The trouble with Michael Vick, or why Tim Tebow can win a Superbowl

My QB Michael Vick is electrifying, and a terrific talent, and will almost certainly never win a Superbowl. The reason isn’t because he’s poorly coached or has a bad work ethic, it’s because Vick is a boom or bust type of player. Vick will run for 30 yard pick up one play, and they lose 5 the next. He swaps beautiful long throws with side-armed ones tipped by astute linemen to easy INTs. This is who he is, and you never know from one play to the next and one game to the next what you will get. That kind of inconsistency is not going to change, he has to play that way to get all he can out of his abilities – if he played is safer, he would limit his big play ability and would be just a short quarterback.

What does this have to do with Tebow? Tebow is the most anti-Vick running Quarterback possible to imagine. His speed is so-so, but his toughness and ability to get 2 yards if you absolutely HAVE to get 2 yards? Unmatched! This reliability and consistency is important and what is more valuable than Vick’s big play ability, as I will discuss below.

So, Tebow had his best game as a passer Sunday. He reminded me of a rookie Rothlisberger – remember when he never threw more than 15 or 20 times a game and won? He relied on a great defense and stout running game, and showed he could take a shot and still play well. In some ways, toughness included, Tebow has that quality.

But just because he reminds me of a Superbowl winning quarterback in some ways does not mean he’s going to be one himself. But what you have on your hands is a very special player, with strengths that the media are slooooowly waking up to, even as they discuss them they don’t seem to understand the implications. You have a guy who runs like Mike Allstot and, if he can throw as well as he did against the Vikings, will be very difficult to stop.

Why? Short yardage. According to Football Outsiders, before Tebow the Broncos converted 33% of short yardage situations. After Tebow? 67%!!! That is truly astounding and is a real game changer. It leads to:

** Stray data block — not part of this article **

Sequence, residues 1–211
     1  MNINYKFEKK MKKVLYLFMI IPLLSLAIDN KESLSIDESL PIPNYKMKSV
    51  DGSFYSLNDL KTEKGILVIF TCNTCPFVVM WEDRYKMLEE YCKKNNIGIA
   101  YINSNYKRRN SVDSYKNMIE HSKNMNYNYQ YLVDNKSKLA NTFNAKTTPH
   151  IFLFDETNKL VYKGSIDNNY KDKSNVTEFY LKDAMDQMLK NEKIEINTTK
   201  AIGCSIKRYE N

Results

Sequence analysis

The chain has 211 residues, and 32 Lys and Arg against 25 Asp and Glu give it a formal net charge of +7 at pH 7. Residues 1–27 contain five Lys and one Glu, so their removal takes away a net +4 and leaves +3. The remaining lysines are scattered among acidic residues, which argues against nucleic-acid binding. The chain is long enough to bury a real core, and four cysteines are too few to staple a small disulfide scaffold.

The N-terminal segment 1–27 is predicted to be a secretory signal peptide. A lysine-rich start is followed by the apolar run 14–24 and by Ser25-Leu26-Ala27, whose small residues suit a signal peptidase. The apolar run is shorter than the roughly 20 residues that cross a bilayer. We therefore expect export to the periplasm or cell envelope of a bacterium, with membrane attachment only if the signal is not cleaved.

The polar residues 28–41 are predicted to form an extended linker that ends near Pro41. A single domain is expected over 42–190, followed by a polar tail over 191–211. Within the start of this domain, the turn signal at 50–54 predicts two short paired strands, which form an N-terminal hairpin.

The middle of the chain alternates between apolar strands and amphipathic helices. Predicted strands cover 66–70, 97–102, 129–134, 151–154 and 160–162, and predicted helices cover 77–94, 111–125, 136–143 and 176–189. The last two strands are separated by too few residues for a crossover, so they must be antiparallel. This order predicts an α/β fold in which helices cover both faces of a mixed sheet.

1) Increased productivity in the red zone.

2) More reliable 3rd and 4th down conversions.

3) Short and steady gains which are productive even if they don’t hit a home run every time.

4) extending drives, and even when they don't result in points keeping the other team off the field, out of rhythm, and your defense fresh.

Of course Tebow doesn’t do this all by himself, but the fact that in a short yardage situation he can threaten the plunge just by being on the field acts like a play fake every snap, which the defense 100% has to respect. Think of a normal fake. The LBs read if the RB gets the ball – if they do, they know it’s not a pass and crash down. This is why it’s really hard to run when your opponent knows you are going to run, as soon as those LBs read run, they crash and don’t worry about TEs or drag routes.

Well, every snap, the runner they fear the most in short yardage situations has the ball in his hands. They simply cannot assume he’ll pass the ball – they KNOW if they don’t crash he can crawl his way to pick up 2 yards. At the same time, they know they have to stay back, since he can easily toss the ball at their vacated space if they do crash. The LBs cannot go forward and backwards at the same time.

Not that it’s this easy. TT is only human, and Fox knows he can’t simply run over and over, and there’s always a chance he’ll get hurt if he runs too much. But if he progresses to even average ability in the NFL throwing the ball, he’ll have that threat even if he doesn’t use it, and that threat is what makes him a very, very special player. With the right team, and the right coach working on his mechanics, I think he can captain a Superbowl winning franchise.

This is a Fan-Created Comment on The opinion here is not necessarily shared by the editorial staff of MHR

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